Review: 'Socks On Fire' Part Poetry, Part Documentary

by Kilian Melloy

EDGE Staff Reporter

Friday October 15, 2021

'Socks On Fire'
'Socks On Fire'  (Source:SQFF)

Poet and filmmaker Bo McGuire heads home to Alabama when a war erupts between his Aunt Sharon and pretty much the rest of his family over Sharon having tossed Bo's gay Uncle John out of the house their mother, Nanny, intended for John to inherit.

That's the situation's quick explanation, but it only scratches the surface of family dynamics that have been grinding away for decades. As Bo interviews parents, aunts, uncles, and other members of his extended family, he begins piecing together a fuller picture of how the two relatives he idolized in childhood came to be at such loggerheads. While he's at it, he reflects on generational conflict, homes haunted with memory and with the lingering presence of loved ones lost, and the corrosive effects of empty moralizing.

Aunt Sharon doesn't appear in the film; McGuire uses actors (including a drag performer) to portray her and other family members, especially as their own younger selves (which sometimes come face to face with their present-day counterparts). In narration that uses poetic imagery to good effect, McGuire provides a layered and nuanced account that focuses more on the personal and spiritual consequences of the feud (and its many root causes, some of which seem trivial on the surface) than on the legal or practical difficulties it prompts.

The film uses a few startling, maybe even outré, visuals in order to give force to McGuire's musings. The house in question resounds with the loss of Nanny, McGuire's grandmother; her prescription bottle hangs in the air. A rifle similarly hovers in the woods behind the house, personifying traumatic memories of a bullying uncle — the same man who courted Sharon when they were teenagers, then married her and (or so we are told) has controlled her ever since. The effects are primitive (you can see the strings tied to the rifle), but the visuals aren't there to imply literal visitations by supernatural entities; they're there, in all their lo-fi glory, to make a point.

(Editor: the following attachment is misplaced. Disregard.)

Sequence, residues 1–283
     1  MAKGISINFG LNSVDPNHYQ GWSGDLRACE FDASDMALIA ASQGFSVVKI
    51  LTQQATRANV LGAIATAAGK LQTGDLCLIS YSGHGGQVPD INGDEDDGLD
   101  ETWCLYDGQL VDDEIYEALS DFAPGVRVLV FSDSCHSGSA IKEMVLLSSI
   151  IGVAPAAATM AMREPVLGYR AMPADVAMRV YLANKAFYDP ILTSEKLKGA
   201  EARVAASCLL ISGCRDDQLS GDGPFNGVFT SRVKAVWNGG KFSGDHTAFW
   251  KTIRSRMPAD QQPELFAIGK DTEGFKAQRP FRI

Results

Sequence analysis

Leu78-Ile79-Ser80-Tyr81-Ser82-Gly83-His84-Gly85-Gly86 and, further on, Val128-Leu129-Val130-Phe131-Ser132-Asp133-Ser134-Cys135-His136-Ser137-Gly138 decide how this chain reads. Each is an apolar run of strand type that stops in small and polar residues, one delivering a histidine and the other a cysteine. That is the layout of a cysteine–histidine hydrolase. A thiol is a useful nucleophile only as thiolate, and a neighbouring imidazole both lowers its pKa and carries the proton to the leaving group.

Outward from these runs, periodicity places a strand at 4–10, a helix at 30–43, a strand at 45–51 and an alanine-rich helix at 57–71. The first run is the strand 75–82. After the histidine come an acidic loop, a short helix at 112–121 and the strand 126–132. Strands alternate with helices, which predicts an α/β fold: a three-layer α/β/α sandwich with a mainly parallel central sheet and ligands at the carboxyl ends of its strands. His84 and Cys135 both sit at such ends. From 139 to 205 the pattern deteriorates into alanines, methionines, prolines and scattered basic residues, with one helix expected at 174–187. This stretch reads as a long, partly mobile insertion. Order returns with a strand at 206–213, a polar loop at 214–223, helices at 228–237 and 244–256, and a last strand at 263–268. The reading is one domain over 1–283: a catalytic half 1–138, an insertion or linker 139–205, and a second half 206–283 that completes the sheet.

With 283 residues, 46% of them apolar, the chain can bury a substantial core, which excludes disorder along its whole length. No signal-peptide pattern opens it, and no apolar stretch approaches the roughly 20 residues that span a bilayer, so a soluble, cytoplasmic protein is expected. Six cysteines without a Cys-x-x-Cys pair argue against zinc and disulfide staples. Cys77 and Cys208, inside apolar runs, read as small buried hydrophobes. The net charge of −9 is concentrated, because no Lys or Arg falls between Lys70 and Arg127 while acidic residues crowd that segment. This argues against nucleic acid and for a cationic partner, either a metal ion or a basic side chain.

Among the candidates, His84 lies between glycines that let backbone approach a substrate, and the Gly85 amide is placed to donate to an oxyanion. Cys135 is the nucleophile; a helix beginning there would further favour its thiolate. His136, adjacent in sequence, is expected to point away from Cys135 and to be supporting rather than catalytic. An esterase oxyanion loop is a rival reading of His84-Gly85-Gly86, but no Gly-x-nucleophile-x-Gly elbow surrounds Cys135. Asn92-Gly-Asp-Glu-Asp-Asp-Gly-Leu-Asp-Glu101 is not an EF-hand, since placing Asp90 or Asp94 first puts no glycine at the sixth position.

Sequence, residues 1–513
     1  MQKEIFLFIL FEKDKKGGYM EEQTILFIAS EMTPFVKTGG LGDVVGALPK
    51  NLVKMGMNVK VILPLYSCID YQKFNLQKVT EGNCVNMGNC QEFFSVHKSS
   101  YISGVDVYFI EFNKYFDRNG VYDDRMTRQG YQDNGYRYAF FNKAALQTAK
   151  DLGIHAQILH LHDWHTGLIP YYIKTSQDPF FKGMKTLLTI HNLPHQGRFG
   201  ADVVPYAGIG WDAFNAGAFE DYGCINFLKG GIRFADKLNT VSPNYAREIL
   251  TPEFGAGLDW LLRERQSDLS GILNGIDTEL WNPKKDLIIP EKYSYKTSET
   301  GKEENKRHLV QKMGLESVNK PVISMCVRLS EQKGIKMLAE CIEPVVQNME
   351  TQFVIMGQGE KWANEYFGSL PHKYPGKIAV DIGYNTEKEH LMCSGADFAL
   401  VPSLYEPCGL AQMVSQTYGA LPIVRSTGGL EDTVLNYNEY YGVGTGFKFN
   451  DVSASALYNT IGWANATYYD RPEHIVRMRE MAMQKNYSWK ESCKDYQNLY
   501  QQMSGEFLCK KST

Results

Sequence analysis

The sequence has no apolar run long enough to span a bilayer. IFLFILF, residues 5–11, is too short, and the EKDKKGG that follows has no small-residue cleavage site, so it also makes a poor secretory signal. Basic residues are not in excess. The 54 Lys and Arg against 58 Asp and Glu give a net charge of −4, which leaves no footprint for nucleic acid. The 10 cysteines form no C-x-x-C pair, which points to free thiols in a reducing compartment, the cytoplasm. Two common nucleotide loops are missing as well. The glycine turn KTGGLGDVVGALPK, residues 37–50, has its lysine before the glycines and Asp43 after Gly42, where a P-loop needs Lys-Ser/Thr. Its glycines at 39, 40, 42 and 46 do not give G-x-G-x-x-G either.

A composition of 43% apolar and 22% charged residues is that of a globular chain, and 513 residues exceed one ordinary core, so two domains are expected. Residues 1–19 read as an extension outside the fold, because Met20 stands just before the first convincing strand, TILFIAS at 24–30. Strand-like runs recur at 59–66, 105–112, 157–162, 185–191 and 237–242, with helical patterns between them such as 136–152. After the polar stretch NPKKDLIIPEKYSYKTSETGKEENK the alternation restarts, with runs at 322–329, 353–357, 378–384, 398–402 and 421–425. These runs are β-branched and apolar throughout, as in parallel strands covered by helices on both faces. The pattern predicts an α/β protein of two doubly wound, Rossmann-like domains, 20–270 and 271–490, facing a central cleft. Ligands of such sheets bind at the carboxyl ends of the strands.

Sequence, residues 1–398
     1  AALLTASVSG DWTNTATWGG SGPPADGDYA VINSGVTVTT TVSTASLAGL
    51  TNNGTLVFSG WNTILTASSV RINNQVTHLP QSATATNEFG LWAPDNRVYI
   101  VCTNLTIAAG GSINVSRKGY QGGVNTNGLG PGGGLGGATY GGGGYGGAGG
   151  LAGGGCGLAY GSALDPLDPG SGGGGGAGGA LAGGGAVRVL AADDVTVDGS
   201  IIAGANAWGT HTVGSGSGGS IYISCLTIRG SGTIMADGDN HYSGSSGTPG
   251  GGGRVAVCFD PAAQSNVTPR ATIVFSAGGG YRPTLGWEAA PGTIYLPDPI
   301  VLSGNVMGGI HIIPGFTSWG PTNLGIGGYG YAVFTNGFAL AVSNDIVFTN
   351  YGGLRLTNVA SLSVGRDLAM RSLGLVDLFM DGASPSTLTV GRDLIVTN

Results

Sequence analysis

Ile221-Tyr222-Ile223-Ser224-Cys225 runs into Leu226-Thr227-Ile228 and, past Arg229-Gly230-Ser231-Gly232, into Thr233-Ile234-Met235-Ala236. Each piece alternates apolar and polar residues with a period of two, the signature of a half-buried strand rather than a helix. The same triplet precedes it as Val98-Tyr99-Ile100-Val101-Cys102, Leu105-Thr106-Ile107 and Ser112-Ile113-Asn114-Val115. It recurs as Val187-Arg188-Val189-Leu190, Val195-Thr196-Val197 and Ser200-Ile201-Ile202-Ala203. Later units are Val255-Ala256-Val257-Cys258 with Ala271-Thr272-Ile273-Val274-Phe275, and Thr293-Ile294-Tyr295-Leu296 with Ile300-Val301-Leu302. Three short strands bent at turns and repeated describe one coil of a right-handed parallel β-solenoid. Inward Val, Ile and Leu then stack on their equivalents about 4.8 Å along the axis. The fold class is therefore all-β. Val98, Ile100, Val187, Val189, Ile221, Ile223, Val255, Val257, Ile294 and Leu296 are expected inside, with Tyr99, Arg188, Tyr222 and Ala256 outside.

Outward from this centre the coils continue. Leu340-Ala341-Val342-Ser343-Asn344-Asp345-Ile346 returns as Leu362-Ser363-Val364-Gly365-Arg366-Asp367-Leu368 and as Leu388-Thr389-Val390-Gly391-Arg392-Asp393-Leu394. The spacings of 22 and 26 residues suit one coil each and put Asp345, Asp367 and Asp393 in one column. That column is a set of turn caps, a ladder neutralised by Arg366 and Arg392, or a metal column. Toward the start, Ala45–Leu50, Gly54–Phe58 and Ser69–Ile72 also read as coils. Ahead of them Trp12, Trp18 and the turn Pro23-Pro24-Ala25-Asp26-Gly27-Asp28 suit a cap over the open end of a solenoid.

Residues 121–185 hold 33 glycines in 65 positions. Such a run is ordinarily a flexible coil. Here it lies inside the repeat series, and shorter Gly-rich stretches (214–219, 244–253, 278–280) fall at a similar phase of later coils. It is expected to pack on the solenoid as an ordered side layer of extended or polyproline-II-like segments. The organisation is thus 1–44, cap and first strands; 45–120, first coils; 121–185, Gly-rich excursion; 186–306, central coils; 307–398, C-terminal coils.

That's pretty much McGuire's approach to the entire film, and he's happy not to try concealing it. In one scene, he reconstructs a Christmas morning when he gets what he most desires —†a Barbie doll — only, he explains in voiceover, to be shamed later on into secreting the toy away. In another, he directs a younger family member (playing McGuire as a child), explaining that the sequence they're filming is intended to feel like a weird dream.

The weirdness is hit or miss, but the camerawork and music are nothing less than cinematic. Tone poem, documentary, feature film, family epic... "Socks on Fire" is a little of all these things, but it also tosses us big, self-aware winks, inviting us to observe family and familial legend all at once.

"Socks on Fire" screens at the Seattle Queer Film Festival.

Kilian Melloy serves as EDGE Media Network's Associate Arts Editor and Staff Contributor. His professional memberships include the National Lesbian & Gay Journalists Association, the Boston Online Film Critics Association, The Gay and Lesbian Entertainment Critics Association, and the Boston Theater Critics Association's Elliot Norton Awards Committee.